Seven lessons Malta should learn from the Eurovision Academy

We want to be liked and validated so badly, that the lack of points are taken to mean that other countries hate us – we just cannot accept the result and analyzing the hell out of it

Ira Losco
Ira Losco

I will never forget the year Sally Fields finally won an Oscar after many years of trying to prove herself as a serious actress. “You like me, you REALLY like me,” she gushed to the Academy and the audience, as everyone shifted in their seats with embarrassment. It was a very cringeworthy moment, and you just wanted her to stop talking. For her own sake.

Malta’s ongoing desperation to win the Eurovision reminds me of this moment every time. We want to be liked and validated so badly, that the lack of points are taken to mean that other countries hate us (when the truth is that they didn’t like the song, or they really don’t care about the whole thing and were probably binge-watching Game of Thrones instead). As happens each year, we just cannot accept the result and we are still analyzing the hell out of it.

So, as a public service, I am suggesting that we create a special, badly-needed Eurovision Academy. Applications are now open for the various posts together with my recommendations of which nationality would suit each subject best.

1. Australian lecturer: Course title: “How to accept defeat graciously”

Dami Im, Australia's Eurovision 2016 contestant
Dami Im, Australia's Eurovision 2016 contestant


If anyone should have been spitting bullets it should have been Australia. I dread to think how we would have reacted if we were leading the whole way only to be pipped at the post at the last minute. Brains would have imploded, and people would have run screaming into the streets in a wave of mass hysteria usually only seen in movies where zombies have taken over the earth.

Yet if you take a look at their tweets, they were full of self-deprecating humour, such as this: “Australia enters a period of national mourning. Pass the Nutella and the spoon. We'll be on the couch for some time.”

2. Russian lecturer: Course title: “Remaining cool under pressure”

If Australia was “robbed’ what can we say about Russia? It was leading with the popular vote and stakes were high (apparently, they are even more desperate to win it than we are). Then they had to go and lose to Ukraine. Sure the Russian Government went ballistic, but the singer himself was unfazed and was the epitome of cool, releasing a charming video thanking everyone as his fans reportedly wept.

3. British lecturer: Course title: “An analysis of bizarre voting patterns”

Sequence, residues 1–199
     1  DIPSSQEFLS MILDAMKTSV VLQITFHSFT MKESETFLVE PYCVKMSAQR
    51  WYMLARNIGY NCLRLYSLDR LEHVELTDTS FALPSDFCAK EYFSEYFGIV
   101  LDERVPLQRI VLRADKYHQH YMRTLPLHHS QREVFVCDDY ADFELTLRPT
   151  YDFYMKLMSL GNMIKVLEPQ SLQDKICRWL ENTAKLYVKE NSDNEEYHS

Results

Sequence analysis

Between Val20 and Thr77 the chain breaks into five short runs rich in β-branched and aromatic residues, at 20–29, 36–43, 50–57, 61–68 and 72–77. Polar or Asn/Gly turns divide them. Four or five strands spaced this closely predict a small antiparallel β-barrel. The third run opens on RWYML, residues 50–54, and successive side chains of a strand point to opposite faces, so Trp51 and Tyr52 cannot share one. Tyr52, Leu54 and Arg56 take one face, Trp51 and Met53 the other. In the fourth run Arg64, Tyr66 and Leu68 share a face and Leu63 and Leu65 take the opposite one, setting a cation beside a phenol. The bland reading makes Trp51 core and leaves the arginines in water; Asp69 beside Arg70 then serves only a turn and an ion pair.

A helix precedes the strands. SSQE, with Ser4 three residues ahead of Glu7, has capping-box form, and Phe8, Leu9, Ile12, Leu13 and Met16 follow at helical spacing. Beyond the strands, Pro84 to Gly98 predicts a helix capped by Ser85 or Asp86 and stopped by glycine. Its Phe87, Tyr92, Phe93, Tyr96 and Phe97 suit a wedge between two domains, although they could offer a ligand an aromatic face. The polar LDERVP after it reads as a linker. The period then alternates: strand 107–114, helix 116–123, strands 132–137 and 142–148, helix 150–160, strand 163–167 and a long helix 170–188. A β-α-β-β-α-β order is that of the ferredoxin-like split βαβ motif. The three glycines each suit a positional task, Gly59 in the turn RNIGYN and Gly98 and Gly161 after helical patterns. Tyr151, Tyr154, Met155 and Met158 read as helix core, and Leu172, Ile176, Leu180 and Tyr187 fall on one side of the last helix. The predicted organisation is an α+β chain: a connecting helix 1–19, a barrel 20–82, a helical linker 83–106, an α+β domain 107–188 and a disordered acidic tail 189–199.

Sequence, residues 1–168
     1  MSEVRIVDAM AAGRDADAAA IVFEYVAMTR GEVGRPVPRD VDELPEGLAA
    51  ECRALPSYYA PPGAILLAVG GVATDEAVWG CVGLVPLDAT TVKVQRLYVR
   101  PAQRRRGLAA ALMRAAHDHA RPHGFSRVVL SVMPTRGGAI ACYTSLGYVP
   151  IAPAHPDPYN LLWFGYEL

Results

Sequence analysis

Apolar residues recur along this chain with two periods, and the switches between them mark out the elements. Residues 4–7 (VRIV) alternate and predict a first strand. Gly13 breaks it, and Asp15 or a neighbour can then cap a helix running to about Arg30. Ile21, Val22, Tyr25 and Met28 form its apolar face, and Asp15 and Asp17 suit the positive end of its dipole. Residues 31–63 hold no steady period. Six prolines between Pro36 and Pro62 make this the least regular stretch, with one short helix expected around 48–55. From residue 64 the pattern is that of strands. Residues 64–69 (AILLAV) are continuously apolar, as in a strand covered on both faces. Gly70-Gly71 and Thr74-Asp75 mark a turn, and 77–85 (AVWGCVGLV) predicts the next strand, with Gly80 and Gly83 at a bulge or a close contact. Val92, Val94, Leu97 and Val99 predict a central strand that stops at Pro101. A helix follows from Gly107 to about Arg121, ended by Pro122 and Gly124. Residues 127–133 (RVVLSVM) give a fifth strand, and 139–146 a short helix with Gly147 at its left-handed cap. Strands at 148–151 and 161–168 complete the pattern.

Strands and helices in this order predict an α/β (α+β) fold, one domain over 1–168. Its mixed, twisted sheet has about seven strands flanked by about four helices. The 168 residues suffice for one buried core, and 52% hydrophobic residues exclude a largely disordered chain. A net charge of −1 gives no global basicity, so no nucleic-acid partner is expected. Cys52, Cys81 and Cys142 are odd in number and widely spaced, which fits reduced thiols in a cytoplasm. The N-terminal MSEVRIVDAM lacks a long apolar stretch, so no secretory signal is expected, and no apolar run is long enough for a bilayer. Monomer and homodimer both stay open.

Graham Norton: 12 points to us??
Graham Norton: 12 points to us??

The splutter of disbelief by Graham Norton when Malta awarded the UK 12 points was heard all around the world. Come on, let’s face it, when you know your song is bad, but really, really bad, you have to wonder about the motivation of a jury awarding you full points.

4. Swedish lecturer: Course title: “Eurovision spoofs, learning the basics”

When the host country gives you not one but several hilarious spoofs about the whole Eurovision concept, you know you are dealing with a country which possesses a healthy wallop of national self-irony. The same course will include additional tutorials led by the presenter Petra, the Queen of the sarcastic one-liners, who made the usually tedious process of each country presenting its votes, one of the best parts of the whole show.

5. Armenian lecturer: Course title: “Feminism and the right to wear whatever I like”

Armenia's Iveta Mukuchyan
Armenia's Iveta Mukuchyan

Armenia’s beautiful singer with those legs that never stop will be the perfect speaker for this unit. She can remind us that we are no longer living in the judgmental society of the 1950s where old ladies gossiped about village folk behind their twitching curtains. She could also point out that just because a singer happens to be pregnant, she should not have to wear a tent, or be told whether she should continue preforming or not. Extra units will be held on the subject of time travel and feminism, which will be perfectly suited for those whose archaic views about pregnant women belong firmly in another era.

6. US lecturer: Course title: “Misogyny & bitchiness”

While the US did not take part, for the first time they had the opportunity to watch the show. This American lecturer would therefore be ideal to go into the finer points of how the word “bitch”, when used in a certain context by a man reveals that deep down, said man probably despises women, especially if they do not fit in with his political views. Think Donald Trump and you will get the picture.

7. Special guest lecturer Ira Losco: Course title: “Ten-step programme in dealing with haters”

If she has done nothing else, Ira Losco has taught people a thing or two on how to deal with nasty comments. You rise above the whole thing, keep your dignity, and ignore. And that, ladies and gentleman, is what is known as a class act.